Things You'll Need
Household scouring powder
Synthetic dish scouring pad
600-grit wet-dry sandpaper
Two-part tinted epoxy
Porcelain repair kit
Porcelain and porcelain enamel may have different bases, the former clay and the latter cast iron or stainless steel, but you can repair small scratches on the glass-like glaze or coating in the same way. When the scratch hasn't fully penetrated the outer surface, clean the porcelain before buffing out the scratch. If the base metal or clay is exposed, clean and then replace the missing coating with two-part epoxy or a porcelain repair product.
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Clean It Up
Rinse the porcelain with clean, cool water to remove lose grime and buildup.
Wipe the surface down with a dry, lint-free cloth. Dilute 1/4 cup of oxygen bleach in 4 cups of warm water. Dip a soft rag into the solution and apply it liberally to the porcelain. Let the solution sit for 15 minutes.
Scrub the surface with a soft rag to work the diluted oxygen bleach into the porcelain and loosen dirt and grime. Rinse the area with clean, cool water.
Buff It Out
Create a paste with household scouring cleaner and water; the solution should be thick and slightly clumpy, not runny. Wearing gloves, apply an even layer over the scratch. Wait five to 10 minutes.
Buff the paste into the porcelain with an old toothbrush, soft bristle scrub brush or a mild synthetic scouring pad meant for dishes. Do not use steel wool or anything similarly abrasive. Work in circular motions until the cleaning tool picks up most of the paste and the scratch disappears.
Rinse the area with clean, cool water. Apply tile polish to a soft, lint-free rag and buff it over the freshly removed scratch area to restore shine and blend the area with the surrounding, undamaged porcelain.
Fill It In
Fold or cut a piece of 600-grit wet-dry sandpaper into a manageable square. Working from the inside of the scratch out, sand the area briefly to create a slightly gritty surface. If you're repairing porcelain enamel, sand off any rust on the exposed metal. Wipe the porcelain down with a wet rag to remove the dust.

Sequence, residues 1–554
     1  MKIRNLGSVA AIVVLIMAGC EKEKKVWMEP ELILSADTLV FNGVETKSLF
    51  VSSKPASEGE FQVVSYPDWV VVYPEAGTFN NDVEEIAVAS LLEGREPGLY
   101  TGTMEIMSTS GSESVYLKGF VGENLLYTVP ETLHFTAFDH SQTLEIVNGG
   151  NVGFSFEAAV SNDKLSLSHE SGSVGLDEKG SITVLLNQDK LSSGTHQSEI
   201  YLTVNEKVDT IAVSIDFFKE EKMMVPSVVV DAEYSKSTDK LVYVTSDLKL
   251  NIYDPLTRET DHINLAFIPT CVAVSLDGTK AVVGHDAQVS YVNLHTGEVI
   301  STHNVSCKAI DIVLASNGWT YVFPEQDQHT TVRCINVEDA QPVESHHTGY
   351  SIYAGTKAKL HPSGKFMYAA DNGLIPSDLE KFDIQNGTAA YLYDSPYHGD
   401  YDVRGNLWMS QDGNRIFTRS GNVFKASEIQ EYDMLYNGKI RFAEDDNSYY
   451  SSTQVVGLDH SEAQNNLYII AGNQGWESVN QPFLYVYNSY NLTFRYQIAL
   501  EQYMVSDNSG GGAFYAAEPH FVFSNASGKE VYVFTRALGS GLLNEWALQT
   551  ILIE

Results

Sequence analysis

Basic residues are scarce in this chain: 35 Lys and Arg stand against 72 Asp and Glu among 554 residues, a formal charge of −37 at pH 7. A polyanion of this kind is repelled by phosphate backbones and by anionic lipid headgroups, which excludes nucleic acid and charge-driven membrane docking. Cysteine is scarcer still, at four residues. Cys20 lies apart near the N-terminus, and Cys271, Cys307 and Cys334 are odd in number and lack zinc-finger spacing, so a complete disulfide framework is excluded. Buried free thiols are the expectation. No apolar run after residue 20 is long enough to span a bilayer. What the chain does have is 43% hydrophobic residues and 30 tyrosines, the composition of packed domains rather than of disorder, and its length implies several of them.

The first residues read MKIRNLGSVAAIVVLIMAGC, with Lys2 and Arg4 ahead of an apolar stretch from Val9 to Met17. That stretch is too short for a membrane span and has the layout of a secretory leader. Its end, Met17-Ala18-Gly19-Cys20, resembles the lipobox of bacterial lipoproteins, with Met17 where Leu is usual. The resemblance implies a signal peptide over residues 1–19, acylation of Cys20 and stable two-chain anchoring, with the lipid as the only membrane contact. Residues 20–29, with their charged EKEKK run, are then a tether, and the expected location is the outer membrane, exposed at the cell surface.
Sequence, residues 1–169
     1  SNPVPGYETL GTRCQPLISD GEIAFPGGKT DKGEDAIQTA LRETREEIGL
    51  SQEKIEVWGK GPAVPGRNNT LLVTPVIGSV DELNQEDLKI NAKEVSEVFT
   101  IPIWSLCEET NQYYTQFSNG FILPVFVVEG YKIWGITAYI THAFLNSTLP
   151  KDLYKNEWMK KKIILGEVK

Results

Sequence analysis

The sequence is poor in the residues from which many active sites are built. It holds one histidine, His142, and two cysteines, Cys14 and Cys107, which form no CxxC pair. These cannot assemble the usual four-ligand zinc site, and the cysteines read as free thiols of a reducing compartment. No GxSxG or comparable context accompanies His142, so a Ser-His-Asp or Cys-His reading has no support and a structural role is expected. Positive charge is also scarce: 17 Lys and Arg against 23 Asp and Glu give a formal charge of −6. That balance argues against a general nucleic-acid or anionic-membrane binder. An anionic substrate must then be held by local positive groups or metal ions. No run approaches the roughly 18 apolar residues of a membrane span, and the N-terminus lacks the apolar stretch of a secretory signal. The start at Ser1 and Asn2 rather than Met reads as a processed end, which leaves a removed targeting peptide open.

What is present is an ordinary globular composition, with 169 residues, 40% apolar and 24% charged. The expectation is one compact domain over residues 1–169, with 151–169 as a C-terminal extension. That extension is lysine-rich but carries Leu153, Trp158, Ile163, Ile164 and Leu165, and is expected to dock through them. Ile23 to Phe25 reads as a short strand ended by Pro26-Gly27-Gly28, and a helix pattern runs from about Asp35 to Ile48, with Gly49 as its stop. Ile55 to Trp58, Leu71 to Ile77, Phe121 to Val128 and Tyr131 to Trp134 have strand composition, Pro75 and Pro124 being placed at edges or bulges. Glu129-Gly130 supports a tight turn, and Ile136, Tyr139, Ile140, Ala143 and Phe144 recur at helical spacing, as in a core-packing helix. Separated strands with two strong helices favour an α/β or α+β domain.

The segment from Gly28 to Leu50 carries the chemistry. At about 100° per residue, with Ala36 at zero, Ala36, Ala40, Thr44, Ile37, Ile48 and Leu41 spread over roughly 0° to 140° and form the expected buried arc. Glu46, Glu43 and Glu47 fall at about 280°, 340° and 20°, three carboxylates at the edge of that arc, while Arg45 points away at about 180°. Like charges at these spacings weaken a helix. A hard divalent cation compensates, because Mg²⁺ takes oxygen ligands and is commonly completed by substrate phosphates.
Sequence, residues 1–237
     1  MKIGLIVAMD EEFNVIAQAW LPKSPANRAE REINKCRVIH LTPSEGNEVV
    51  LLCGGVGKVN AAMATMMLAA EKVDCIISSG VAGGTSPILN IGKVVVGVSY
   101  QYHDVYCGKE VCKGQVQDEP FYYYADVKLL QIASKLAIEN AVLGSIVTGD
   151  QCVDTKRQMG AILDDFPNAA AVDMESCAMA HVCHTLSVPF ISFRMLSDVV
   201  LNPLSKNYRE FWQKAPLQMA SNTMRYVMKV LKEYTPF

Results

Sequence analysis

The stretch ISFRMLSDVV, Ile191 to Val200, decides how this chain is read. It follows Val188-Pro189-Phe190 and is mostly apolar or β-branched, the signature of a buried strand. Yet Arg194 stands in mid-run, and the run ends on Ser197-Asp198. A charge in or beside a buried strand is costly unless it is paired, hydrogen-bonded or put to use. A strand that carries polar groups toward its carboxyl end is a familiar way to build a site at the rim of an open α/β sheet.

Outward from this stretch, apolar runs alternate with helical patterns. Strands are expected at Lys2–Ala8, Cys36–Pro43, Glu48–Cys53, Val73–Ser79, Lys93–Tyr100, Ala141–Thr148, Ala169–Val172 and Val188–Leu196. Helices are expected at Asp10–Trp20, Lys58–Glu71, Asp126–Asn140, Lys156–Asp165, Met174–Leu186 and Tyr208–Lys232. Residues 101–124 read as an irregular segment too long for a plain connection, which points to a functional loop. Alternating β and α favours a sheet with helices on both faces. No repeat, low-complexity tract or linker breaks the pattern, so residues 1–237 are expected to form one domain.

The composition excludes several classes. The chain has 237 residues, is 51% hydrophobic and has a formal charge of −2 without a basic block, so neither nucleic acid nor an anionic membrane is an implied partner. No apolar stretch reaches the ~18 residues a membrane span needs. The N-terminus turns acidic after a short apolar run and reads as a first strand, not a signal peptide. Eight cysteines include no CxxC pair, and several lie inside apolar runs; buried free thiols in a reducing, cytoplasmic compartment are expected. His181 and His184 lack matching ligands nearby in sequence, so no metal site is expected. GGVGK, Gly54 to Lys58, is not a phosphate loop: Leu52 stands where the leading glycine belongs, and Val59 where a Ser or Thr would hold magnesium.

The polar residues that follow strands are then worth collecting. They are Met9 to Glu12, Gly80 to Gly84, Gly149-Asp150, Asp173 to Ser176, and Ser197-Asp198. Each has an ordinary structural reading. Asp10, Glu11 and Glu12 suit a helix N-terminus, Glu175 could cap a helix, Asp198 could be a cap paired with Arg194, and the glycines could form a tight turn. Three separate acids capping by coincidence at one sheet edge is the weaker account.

Mix two-part epoxy, in a shade that matches the porcelain, in a small plastic dish. Porcelain-specific repair kits also work well, and some don't require mixing, only an accurate color match on your part.
Dip a wooden toothpick into the epoxy or porcelain repair product. Starting from the center of the scratch, fill in the damage. If the scratch isn't very deep, a thin paintbrush works well.
Let the enamel or patch product dry completely, at least 24 hours. After seven to 10 days, gently buff the area with a paste of baking soda and water to gradually blend it with the surrounding area.
An accurate color match is essential for a seamless repair. Porcelain repair kits come in a variety of colors, but two-part epoxy is more limited, available in white, off-white and gray. Choose a product that gives you the closest color match possible.
For high-heat appliances, including porcelain enamel topped stoves, contact a professional for the most durable refinishing.
Work in a well-ventilated area and wear gloves during repairs. Oxygen bleach, scouring powder and epoxy products are high in fumes.
Do not use epoxy to repair scratches in porcelain enamel dishes or cookware. To be food safe, these products need to be set with a very high heat after repairs. Contact a professional for help.
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- Porcelain Enamel Institute: Care and Cleaning
- Arizona State University Herberger Institute for Design and the Arts: Lesson Two -– Part 1: Earthenware, Stoneware, and Porcelain
- Michigan State University Extension: Porcelain Enamel Characterisitcs
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